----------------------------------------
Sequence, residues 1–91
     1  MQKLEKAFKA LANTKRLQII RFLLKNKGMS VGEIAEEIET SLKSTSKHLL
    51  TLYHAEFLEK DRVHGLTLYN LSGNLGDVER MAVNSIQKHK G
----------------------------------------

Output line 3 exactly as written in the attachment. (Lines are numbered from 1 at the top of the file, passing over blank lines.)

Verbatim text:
    51  TLYHAEFLEK DRVHGLTLYN LSGNLGDVER MAVNSIQKHK G